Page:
Lay counsellor-based risk reduction intervention with HIV positive diagnosed patients at public HIV counselling and testing sites in Mpumalanga, South Africa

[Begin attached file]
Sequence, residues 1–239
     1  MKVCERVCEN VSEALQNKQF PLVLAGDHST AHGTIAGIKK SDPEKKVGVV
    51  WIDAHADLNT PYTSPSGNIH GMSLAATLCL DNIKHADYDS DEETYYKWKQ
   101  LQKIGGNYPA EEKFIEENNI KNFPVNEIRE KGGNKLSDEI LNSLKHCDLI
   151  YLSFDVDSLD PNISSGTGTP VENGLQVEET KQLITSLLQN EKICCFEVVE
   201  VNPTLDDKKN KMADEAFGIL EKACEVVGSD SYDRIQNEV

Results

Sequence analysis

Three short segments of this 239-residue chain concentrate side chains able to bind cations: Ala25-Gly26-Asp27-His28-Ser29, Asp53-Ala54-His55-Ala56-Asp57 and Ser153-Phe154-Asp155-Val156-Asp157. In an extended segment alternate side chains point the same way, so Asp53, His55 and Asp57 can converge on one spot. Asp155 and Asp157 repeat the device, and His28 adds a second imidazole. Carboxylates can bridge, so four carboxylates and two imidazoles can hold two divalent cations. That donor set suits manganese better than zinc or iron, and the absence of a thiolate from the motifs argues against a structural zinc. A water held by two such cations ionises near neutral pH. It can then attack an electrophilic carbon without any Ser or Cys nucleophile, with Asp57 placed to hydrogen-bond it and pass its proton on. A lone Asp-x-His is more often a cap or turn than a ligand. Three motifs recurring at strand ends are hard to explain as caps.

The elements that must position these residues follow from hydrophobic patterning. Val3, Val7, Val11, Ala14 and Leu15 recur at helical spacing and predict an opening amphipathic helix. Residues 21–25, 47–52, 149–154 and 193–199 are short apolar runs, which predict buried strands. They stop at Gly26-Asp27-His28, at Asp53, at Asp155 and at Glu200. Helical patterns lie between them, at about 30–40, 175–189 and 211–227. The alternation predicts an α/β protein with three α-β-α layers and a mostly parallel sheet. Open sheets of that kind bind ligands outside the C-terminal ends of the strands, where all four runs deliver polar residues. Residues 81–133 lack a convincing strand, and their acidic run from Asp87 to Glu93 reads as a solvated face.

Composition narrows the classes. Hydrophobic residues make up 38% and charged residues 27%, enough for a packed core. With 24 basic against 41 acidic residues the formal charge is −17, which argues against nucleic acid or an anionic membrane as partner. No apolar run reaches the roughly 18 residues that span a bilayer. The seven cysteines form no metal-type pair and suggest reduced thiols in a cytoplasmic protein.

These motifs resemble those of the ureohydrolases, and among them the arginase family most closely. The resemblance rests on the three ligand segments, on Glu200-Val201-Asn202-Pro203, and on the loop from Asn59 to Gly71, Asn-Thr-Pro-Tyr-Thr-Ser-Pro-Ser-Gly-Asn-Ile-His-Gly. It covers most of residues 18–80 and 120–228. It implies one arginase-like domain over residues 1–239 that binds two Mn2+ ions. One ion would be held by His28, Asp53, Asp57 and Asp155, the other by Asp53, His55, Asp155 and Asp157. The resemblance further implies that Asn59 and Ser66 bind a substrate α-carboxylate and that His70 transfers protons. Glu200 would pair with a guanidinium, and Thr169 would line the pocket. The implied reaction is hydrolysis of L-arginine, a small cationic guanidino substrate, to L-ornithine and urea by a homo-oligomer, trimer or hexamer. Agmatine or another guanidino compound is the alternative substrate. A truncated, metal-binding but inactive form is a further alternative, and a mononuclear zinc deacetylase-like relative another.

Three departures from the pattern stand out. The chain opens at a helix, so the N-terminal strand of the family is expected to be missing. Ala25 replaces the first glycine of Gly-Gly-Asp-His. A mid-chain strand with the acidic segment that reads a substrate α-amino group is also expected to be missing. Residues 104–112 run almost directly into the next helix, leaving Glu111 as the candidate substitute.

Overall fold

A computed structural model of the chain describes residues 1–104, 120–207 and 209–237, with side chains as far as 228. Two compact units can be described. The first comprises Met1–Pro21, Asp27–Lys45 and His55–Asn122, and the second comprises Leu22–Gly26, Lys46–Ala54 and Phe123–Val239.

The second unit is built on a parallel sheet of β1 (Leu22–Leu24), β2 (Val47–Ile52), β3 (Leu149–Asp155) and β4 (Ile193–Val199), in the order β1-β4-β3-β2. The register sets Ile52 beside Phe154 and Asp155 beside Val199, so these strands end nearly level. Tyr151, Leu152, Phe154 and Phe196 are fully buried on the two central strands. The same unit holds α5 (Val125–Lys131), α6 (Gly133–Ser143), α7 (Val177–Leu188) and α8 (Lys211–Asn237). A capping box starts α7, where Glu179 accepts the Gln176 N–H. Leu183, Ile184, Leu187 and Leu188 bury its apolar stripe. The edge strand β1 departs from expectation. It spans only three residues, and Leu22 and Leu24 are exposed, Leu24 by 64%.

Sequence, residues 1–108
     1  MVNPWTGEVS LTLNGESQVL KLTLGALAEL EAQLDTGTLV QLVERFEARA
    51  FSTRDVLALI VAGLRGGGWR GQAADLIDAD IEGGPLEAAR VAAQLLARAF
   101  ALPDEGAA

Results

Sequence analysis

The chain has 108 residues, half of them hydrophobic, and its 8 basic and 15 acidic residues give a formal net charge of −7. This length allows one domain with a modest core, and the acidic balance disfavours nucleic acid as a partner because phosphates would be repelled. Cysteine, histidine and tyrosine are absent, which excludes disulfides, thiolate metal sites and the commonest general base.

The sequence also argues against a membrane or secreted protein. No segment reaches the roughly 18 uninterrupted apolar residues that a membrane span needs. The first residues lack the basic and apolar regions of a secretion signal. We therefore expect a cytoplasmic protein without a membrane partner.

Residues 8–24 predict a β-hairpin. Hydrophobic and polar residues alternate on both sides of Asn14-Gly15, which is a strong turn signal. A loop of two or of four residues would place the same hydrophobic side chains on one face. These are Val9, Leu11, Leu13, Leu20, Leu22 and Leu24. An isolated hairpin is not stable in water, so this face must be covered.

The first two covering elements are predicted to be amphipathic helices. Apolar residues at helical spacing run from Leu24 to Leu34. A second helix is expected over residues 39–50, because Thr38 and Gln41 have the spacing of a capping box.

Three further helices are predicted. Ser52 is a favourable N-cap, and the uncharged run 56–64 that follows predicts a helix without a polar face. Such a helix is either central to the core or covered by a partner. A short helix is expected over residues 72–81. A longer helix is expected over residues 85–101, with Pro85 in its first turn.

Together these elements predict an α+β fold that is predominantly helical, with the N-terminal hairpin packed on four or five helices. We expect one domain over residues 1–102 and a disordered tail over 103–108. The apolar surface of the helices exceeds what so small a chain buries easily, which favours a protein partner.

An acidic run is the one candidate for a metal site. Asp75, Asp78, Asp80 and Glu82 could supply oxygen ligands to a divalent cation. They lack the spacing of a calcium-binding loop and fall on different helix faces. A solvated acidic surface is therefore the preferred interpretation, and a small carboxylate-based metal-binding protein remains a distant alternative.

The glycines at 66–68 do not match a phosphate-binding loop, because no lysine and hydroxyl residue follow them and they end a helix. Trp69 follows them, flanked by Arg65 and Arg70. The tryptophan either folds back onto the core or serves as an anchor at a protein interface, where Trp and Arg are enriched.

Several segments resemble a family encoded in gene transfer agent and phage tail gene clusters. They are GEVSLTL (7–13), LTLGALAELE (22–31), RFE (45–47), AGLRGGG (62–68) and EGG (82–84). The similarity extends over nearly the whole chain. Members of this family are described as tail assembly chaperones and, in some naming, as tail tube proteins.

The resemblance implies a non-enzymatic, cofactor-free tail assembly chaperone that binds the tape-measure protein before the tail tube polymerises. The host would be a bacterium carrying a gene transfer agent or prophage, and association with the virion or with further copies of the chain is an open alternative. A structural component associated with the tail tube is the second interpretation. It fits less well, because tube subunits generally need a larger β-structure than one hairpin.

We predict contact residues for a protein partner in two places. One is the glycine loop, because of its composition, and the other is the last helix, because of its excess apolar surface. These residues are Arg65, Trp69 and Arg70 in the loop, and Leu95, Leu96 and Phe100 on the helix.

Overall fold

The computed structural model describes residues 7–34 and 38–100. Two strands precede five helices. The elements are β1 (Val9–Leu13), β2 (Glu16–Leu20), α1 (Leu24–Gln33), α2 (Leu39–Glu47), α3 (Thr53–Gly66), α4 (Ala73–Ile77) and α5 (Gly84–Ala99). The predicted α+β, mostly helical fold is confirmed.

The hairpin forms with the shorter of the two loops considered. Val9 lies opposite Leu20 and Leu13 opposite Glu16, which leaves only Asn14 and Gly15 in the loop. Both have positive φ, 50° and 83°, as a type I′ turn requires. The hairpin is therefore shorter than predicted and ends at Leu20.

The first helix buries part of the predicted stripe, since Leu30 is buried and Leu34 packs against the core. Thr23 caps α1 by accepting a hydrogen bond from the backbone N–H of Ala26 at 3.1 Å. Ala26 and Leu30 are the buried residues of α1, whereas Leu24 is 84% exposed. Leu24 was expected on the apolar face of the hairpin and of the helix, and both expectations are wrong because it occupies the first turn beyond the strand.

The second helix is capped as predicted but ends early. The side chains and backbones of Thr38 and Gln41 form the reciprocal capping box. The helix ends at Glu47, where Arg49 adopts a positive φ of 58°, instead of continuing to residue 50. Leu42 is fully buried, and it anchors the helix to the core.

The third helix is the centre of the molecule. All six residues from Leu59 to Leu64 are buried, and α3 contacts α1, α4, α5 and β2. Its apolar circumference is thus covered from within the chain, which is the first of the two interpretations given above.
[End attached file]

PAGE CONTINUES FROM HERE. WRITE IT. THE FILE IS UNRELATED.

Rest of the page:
Objective To evaluate the feasibility, fidelity, and effect of a human immunodeficiency virus (HIV) risk reduction intervention delivered to HIV-infected patients by lay counsellors during routine HIV counselling and testing (HCT) public service in Mpumalanga, South Africa. Methods: A total of 488 HIV-infected patients, aged 18 years and older, receiving HCT service at clinics in Mpumalanga, received an "Options for Health" intervention delivered by clinic lay counsellors. Intervention lay counsellors implemented a brief risk reduction intervention at on average 2.3 sessions to help patients reduce their unprotected sexual behaviour. Questionnaires were administered at baseline and 4 months following the intervention to assess HIV risk behaviour in previous 3 months. Results: A significant increase in AIDS knowledge, behavioural intentions and risk reduction efficacy among participants at follow-up was found. Participants at 4-month follow-up reported a significant reduction of multiple partners, unprotected sex, alcohol or drug use in a sexual context, and transactional sex. In addition, sexual abstinence increased and alcohol use decreased, in the past 3 months. Conclusions: A lay counsellor-delivered HIV prevention intervention targeting HIV-infected patients seems to be feasible to implement with fidelity in the South African HCT setting and promising at reducing risk behaviour.
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